liu heung shing coca cola forbidden city

Liu Heung Shing

Editor’s Note: In Snap, we look at the power of a single photograph, chronicling stories about how both modern and historical images have been made.Hong KongCNN — 

A young man stands grinning in Beijing’s Forbidden City. It’s the dead of winter, and one of his hands is buried deep into the pockets of his long overcoat to protect it from the chill. The other grasps the unmistakable contours of a glass Coca-Cola bottle.

Today, Coke is the world’s most famous soft drink and can be found just about anywhere. But back in 1981, when the image was shot by Pulitzer-Prize winning photographer Liu Heung Shing, it was only just getting into the hands of ordinary Chinese people.

Liu, who was in his late 20s when he began working for Time magazine in Beijing, felt the country was on the cusp of a great cultural shift following the death of Mao Zedong in 1976.

“The changes (at first) were subtle, and unless you lived there, you wouldn’t have noticed,” he recalled during an interview at his home in Hong Kong.

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He had earlier photographed people grieving for Mao along the banks of the Pearl River in Guangzhou. It was here that he was struck by how differently people carried themselves compared to what he had seen in late-1950s China, where he grew up during the disastrous Great Leap Forward campaign — a series of failed industrialization policies — before moving back to Hong Kong as a child.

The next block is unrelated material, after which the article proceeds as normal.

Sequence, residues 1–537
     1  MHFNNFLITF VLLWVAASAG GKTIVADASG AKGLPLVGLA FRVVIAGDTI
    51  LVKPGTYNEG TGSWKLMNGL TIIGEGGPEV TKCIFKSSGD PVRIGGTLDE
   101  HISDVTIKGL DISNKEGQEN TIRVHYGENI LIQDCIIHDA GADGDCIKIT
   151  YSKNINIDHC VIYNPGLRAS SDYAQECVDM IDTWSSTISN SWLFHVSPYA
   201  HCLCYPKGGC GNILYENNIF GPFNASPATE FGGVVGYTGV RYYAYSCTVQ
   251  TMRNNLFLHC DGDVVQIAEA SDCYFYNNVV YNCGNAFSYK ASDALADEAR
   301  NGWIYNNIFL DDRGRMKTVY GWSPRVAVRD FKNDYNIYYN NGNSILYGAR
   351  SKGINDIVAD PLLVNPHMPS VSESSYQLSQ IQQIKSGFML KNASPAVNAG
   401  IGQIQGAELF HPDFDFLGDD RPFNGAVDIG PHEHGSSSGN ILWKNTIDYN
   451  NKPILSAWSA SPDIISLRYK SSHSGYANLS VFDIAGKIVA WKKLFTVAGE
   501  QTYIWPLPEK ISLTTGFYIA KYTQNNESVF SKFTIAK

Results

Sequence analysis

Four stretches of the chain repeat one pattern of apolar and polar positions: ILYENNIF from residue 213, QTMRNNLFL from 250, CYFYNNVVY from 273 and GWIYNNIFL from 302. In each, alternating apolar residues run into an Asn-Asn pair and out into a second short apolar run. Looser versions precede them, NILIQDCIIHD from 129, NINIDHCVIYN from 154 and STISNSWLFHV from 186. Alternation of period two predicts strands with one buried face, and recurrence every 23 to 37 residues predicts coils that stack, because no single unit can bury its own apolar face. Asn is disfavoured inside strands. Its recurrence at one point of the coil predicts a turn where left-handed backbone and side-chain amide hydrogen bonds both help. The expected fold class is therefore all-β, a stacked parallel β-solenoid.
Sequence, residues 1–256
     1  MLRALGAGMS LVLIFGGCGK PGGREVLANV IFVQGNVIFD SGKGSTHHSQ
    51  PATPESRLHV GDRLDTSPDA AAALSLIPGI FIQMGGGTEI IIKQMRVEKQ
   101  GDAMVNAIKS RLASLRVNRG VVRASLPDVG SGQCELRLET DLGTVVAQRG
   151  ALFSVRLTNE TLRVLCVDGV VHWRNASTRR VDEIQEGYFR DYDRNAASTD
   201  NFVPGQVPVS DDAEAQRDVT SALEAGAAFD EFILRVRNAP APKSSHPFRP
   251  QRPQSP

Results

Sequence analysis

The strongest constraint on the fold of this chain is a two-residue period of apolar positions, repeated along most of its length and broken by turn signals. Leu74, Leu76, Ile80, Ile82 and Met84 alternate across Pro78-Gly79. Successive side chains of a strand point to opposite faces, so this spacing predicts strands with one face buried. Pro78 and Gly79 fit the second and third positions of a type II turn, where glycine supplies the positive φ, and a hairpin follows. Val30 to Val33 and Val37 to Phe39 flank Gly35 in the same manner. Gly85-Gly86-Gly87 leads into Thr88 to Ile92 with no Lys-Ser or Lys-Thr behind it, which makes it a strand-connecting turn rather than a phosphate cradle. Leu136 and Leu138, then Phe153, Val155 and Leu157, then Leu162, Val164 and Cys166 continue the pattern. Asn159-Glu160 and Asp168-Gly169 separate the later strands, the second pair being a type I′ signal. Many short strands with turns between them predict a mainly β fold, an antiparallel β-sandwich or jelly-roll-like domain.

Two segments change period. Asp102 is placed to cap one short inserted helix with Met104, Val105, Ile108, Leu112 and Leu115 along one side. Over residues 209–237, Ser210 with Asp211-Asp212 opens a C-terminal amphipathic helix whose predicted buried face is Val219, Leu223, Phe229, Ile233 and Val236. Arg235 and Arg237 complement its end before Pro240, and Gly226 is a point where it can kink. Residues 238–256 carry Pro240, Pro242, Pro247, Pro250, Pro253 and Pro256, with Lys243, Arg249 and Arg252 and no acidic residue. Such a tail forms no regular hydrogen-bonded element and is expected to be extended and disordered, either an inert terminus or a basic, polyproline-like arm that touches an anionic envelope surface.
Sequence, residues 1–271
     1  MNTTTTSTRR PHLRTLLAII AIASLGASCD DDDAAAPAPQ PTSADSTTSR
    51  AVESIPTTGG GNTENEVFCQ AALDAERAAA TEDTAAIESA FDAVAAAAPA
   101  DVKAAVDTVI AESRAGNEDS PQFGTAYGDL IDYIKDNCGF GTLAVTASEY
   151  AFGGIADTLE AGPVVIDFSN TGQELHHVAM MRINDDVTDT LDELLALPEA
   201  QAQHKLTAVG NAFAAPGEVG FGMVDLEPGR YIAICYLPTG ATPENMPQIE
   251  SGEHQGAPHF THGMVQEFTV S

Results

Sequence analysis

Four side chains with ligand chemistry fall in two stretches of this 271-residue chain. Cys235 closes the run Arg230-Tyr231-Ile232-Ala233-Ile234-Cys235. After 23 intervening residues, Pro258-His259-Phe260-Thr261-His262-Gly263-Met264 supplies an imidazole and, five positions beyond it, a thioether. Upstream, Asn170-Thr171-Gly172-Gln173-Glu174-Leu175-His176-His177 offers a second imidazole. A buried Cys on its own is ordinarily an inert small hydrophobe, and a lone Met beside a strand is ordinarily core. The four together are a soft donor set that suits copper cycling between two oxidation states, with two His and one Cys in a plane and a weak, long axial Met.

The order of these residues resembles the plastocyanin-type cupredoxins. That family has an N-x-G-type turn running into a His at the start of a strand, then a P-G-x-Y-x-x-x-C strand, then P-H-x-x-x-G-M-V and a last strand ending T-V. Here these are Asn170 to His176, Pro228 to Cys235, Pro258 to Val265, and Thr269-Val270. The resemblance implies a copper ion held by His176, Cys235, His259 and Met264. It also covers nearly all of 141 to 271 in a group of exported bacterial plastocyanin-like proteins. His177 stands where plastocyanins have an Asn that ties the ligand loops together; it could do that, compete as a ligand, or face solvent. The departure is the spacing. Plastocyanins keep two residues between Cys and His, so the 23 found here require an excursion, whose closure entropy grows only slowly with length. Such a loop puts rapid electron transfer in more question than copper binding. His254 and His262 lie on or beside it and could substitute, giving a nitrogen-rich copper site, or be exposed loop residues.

Under Mao, the country went on to suffer from widespread famine and poverty, and the tumultuous years of the Cultural Revolution. But in the aftermath of the Chinese leader’s death, Liu said, “suddenly, people’s steps looked a little bit lighter, they dropped their shoulders and their faces looked more relaxed.”

It would prove to be a relatively liberal period in Chinese history — politically, economically and in terms of everyday life, which Liu captured in candid shots. One photo from the time showed a plastic surgeon and his client after a cosmetic procedure. Another depicted people gathering at a “Democracy Wall” in Beijing, where they wrote now-unthinkable criticisms of the government.